sanctions against bankers to be civil in nature)(1997); United
States v. Stoller, 78 F.3d 710 (1st Cir. 1996).
[.2] In applications to modify orders of prohibition, a respondent has
a strong burden of proof to justify the modification that he seeks. The
respondent must demonstrate: (1) his fitness to participate directly or
indirectly in the conduct of the affairs of an insured depository
institution; (2) that his participation would not pose a risk to the
institution's safety and soundness; and (3) that his participation
would not erode public confidence in the institution. See In the
Matter of Michael D. McCormick, FDIC ENFORCEMENT DECISIONS
AND ORDERS, Paragraph 5212, pp., A-2408, A-2411, In the Matter of Charles E.
Floyd, FDIC ENFORCEMENT DECISIONS AND ORDERS, Paragraph 5177, pp. A-1976
and A-1978; In the Matter of Frederick M. Pfeiffer, FDIC ENFORCEMENT
AND ORDERS, Paragraph 5163A, p. A-1656; and Docket No.
FDIC-83-153e, FDIC ENFORCEMENT DECISIONS AND ORDERS Paragraph 5117. p.
A-1303. By this July 26 Application, Respondent seeks to have the Order of
Prohibition modified to permit him to serve as legal counsel on securities
matters for any financial institution or organization enumerated in section
8(e)(7)(A) of the Act, 12 U.S.C. § 1818(e)(7)(A).
Upon review of the record as a whole, the FDIC finds that while
Respondent has expressed remorse for his conduct when serving as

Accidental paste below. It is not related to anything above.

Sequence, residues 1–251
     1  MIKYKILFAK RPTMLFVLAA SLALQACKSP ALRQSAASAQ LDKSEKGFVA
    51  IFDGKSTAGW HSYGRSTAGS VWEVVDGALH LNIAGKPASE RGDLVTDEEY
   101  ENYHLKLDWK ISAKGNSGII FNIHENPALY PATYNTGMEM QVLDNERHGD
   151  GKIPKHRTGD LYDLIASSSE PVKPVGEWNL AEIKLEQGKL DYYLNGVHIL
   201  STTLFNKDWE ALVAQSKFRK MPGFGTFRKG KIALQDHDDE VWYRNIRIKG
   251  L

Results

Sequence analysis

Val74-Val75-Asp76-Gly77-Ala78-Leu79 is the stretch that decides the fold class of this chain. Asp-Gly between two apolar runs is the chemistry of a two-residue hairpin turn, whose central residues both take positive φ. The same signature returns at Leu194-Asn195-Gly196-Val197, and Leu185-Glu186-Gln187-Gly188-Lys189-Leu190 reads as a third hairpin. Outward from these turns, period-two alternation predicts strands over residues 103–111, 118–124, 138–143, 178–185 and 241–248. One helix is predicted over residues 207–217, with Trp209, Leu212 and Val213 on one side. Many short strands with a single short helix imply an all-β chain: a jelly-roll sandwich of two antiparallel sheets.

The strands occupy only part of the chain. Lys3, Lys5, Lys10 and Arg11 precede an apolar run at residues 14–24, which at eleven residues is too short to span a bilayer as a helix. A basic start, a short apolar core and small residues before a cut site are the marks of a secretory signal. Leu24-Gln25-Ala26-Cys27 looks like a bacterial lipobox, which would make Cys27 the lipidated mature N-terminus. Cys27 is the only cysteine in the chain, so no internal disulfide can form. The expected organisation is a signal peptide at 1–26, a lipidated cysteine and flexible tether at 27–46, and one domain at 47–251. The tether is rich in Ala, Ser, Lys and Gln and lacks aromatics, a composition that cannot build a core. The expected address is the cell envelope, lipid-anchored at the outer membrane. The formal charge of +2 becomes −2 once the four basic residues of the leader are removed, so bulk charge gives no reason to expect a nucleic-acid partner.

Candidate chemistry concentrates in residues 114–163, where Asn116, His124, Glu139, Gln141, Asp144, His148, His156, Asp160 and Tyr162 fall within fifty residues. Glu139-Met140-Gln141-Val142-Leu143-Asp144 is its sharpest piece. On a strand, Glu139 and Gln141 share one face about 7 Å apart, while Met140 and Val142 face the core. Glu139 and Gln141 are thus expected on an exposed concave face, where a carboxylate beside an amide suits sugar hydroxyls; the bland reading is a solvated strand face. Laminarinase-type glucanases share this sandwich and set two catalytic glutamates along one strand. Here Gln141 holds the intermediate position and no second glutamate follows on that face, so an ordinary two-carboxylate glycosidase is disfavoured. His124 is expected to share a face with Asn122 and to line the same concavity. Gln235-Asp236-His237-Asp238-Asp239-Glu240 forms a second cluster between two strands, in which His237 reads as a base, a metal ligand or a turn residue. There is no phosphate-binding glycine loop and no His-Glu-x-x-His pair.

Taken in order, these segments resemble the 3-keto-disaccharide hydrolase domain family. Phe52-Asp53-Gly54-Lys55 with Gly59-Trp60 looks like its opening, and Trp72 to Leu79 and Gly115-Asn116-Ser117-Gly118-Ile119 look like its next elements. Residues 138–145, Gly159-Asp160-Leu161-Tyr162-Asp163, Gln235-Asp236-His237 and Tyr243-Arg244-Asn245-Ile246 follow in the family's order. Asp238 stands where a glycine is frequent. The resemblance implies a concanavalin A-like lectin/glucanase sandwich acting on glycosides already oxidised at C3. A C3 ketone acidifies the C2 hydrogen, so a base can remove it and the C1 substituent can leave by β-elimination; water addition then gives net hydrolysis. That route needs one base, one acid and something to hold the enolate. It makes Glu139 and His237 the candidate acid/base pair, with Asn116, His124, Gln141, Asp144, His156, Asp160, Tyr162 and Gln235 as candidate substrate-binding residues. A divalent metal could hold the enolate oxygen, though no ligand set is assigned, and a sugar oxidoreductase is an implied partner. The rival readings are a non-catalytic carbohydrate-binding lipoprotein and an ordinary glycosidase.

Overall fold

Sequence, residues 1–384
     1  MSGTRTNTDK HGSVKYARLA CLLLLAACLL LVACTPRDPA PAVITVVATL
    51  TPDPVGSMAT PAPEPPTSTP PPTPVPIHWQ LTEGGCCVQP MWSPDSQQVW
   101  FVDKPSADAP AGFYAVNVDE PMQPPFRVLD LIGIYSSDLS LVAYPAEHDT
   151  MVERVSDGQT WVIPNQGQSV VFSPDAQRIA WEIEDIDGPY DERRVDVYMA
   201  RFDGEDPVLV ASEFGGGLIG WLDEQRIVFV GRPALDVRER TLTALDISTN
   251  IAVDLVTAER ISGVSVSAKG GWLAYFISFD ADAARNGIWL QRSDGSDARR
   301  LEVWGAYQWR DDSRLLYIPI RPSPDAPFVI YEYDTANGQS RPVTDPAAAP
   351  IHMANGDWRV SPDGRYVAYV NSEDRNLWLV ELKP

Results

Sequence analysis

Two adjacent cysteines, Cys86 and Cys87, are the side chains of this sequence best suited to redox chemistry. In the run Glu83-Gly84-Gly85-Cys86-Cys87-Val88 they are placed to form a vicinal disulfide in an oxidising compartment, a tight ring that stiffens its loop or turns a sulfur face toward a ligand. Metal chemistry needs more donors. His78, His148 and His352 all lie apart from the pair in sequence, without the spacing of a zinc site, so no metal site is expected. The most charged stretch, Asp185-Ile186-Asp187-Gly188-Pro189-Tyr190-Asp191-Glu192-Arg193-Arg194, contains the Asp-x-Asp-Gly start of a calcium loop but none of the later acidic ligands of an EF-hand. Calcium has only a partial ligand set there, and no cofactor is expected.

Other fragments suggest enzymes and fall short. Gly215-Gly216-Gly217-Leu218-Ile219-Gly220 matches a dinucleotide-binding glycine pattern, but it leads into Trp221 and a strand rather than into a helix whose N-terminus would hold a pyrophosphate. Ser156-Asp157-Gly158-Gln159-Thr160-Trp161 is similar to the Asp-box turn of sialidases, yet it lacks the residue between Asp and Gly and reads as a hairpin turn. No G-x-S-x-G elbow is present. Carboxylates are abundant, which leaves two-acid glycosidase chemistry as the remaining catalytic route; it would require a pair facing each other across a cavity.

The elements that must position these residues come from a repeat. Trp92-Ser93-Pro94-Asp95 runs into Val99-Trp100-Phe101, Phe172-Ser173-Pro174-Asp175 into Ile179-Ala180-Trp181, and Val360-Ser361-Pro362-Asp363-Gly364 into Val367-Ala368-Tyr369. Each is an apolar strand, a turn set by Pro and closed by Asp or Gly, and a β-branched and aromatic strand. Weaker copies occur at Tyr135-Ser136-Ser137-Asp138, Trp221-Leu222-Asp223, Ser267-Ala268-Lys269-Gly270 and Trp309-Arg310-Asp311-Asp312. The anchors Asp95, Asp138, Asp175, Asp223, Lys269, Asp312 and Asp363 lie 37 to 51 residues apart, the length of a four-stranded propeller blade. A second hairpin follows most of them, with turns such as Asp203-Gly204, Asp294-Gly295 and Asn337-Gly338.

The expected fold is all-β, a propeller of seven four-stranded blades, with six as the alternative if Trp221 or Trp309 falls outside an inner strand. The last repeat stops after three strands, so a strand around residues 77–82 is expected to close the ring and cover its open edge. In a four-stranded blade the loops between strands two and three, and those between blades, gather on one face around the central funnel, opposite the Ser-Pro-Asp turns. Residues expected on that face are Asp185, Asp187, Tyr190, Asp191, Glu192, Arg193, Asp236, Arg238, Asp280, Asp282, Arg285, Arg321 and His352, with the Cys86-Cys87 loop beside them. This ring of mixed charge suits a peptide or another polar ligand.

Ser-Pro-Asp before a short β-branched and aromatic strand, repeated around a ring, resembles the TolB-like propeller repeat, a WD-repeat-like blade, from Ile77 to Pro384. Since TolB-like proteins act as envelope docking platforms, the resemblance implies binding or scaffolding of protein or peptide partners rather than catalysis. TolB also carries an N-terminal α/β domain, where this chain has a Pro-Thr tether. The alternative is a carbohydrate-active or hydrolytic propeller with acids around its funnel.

chairman and vice chairman of two of the Greif Banks, he has not
presented sufficient evidence to obtain a limited modification of his
Order or Prohibition. See In the Matter of Stephen F.
Redman, FDIC ENFORCEMENT DECISIONS AND ORDERS, Paragraph 5257,
pp., A-3081, A-3085; In the Matter of Charles E. Floyd, FDIC
ENFORCEMENT DECISIONS AND ORDERS, Paragraph 5177, pp., A-1976 and
A-1978. Although Respondent was not trained as a banker and had no
experience in holding such a position, he was an attorney trained in
the law and he knew or should have known the legally questionable
nature of his activities. Respondent engaged in concealment of material
facts and misrepresentations to bank examiners in addition to
structuring loan transactions in violation of safe and sound banking
practices and various laws and regulations that caused the Greif Banks
to lose $9.2 million.
Respondent now seeks to serve as legal counsel to any insured
depository institution in order to provide advice on how to draft
disclosure documents for underwriting municipal securities that are
"full, complete and accurate." July 26 Application at p. 3. Such
services include ultimate responsibility for the production of the
disclosure documents"which includes not only gathering, verifying